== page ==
As part of Project X, the flagship programme of SingaPlural, four design studios are challenged to use solid surface - a hard material made of substances such as acrylic and usually used for kitchen countertops - to create new products.Teaming up with Luxx Newhouse, a manufacturing company that also distributes solid surface materials, they have come up with products such as lights, a modular installation and discs that have geographical landforms carved into them.
SENSE OF PLACE BY VOIDWORKS
More accustomed to designing and developing smartphone apps and websites, design and technology studio Voidworks steps out of its comfort zone to create eight discs that have geographical landforms mapped onto the surfaces.
Using elevation data from satellites, designers Fung Kwok Pan, 30, and Gerald Yeong, 28, created a 3D model that had the forms mapped out onto the disc.
A computer numerical control machine - known as a CNC machine - then carved out the landforms into the solid surface material.
Try and spot well-known places such as the Swiss Alps, Mount Kenya, the Amazon river in South America or Mount Fuji in Japan on the all-white discs.
Mr Fung, who is Voidworks' founder, says: "We choose these places because of their features. It also allowed us to test how deep we could cut the solid surfaces to carve out the rivers and valleys."
LIGHT BY STUDIO JUJU
Design duo Timo Wong, 33, and Priscilla Lui, 32, take the tough solid surface and softens it into organic forms in three lampshades. There is a floor lamp, wall lamp and table lamp, all featuring shell-like shades that are thin and have soft contours. The shades were moulded at high heat when the material is malleable.
Placed in front of a light bulb, the shades glow while the ridges carved into the pastel solid surface material are highlighted, giving the shades a chic look. The lamps are held up by metal frames that are so skeletal, the structures are barely noticeable when viewed from the front.
Studio Juju's exhibition space is set up in a labyrinth, says Ms Lui. Shielded by 2.4m-tall plywood screens, visitors have to navigate around to find the lamps.
She says: "Instead of having visitors see the lamps immediately, we want them to discover the lamps. When they do, they will also be able to see that there is a poetic element to such a hard material."
HIVE BY PARK + ASSOCIATES
As tabletops, solid surface comes in big slabs. But the designers from architectural firm Park + Associates cut the material into smaller blocks and opted for a matt finishing instead of the usual glossy look.
There are 200 pieces of these angular modules. Some of these are fixed in position, while visitors can move and arrange the rest of the pieces for various configurations.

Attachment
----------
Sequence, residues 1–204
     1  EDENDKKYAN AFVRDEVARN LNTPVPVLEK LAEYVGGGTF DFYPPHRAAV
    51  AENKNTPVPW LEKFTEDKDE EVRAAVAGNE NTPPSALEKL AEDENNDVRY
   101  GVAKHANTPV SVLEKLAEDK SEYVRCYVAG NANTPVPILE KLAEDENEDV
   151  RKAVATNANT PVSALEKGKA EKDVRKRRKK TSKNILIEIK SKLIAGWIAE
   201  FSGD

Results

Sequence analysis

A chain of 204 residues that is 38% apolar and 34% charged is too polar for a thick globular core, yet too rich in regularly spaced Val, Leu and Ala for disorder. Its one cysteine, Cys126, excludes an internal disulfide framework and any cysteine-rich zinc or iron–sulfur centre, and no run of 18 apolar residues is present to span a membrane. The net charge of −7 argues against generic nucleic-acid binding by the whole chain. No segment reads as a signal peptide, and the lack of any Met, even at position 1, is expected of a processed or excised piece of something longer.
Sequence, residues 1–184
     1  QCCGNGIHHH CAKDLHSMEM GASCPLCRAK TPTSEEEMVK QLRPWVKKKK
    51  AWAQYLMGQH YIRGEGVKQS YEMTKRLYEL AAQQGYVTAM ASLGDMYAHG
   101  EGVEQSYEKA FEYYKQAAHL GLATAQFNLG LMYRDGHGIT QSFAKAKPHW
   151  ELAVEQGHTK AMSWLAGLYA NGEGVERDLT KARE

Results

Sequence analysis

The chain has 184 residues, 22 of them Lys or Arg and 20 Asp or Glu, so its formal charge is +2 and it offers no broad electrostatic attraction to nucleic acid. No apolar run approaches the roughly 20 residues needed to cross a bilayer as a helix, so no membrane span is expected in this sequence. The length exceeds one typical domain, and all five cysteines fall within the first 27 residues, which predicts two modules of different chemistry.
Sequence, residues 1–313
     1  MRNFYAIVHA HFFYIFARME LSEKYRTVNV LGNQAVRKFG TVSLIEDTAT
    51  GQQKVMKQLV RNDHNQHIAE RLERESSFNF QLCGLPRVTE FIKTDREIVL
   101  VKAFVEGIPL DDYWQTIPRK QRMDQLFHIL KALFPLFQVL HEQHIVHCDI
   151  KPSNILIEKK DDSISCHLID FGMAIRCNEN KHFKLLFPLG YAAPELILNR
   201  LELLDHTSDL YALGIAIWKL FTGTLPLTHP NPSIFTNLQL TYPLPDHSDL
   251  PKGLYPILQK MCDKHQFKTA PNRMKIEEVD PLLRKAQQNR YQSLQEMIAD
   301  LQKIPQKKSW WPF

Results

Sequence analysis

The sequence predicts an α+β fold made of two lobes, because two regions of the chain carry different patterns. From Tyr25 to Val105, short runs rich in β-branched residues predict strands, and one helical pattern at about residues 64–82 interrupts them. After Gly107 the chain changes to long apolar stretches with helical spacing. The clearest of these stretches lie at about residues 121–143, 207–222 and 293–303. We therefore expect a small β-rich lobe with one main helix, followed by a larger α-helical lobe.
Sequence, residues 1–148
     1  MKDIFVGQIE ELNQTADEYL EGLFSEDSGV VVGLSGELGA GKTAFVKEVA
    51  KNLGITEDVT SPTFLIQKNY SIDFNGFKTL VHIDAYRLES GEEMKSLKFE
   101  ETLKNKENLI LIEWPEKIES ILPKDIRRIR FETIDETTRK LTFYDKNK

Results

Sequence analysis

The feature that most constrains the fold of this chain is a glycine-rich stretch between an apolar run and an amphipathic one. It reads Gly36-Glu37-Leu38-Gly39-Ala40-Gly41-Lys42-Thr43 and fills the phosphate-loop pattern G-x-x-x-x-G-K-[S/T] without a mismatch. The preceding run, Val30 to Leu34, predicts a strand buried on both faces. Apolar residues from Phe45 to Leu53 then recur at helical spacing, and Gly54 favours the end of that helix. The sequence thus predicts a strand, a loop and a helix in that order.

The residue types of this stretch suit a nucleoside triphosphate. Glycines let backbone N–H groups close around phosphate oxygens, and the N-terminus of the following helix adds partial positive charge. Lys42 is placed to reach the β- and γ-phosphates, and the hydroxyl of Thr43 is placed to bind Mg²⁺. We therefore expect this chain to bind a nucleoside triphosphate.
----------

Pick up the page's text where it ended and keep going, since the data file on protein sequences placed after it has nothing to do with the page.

The blocks are illuminated by LED light strips stuck along the inner perimeter and mounted on plywood using an adhesive.
The four architectural designers are Ms Wong Zi Xin, 27; Ms Montakan Manosong, 26; Mr Nuntawat Tasanasangsoon, 33; and Ms Fiona Chua, 25.
Ms Wong says their experiment allows for solid surfaces to be used in different scales and users - as a decorative wall cladding in a home or on the facade of a building.
Mr Nuntawat adds: "We didn't want to design a finished product, but rather, we wanted to start an open-ended discussion on how solid surfaces can be customised for different things and users."
CLOSER BY WEEKEND WORKER
Ceramics collective Weekend Worker takes inspiration from the humble mushroom to make a series of 12 light fixtures.
Pairing ceramics and the solid surface material, the mushrooms are supersized to show the fungus' intricate details. The lights come in various shapes and heights.
One of the pieces has a dome-shaped cap with a ceramic body.
Light glows through the translucent surface and highlights the mushroom's gills on the underside of the cap and its scalloped rim.
Light is also triggered by sensors - the designers wanted to create some interaction with visitors. Supersizing the product also lets the studio "step out of its comfort zone".
Weekend Worker is a trio made up of Mr Ivan Lee, 33; Mr Ong Su Loon, 41; and Ms Chloe Tan, 29.
Mr Lee says: "Ceramics are usually small pieces, so this project allowed us to try something bigger.
"Solid surface is also an unusual material to pair with ceramics - it's usually fabrics, glass or wood - and we aren't product designers by training, so we had to think of ways to make the lamps work with both materials."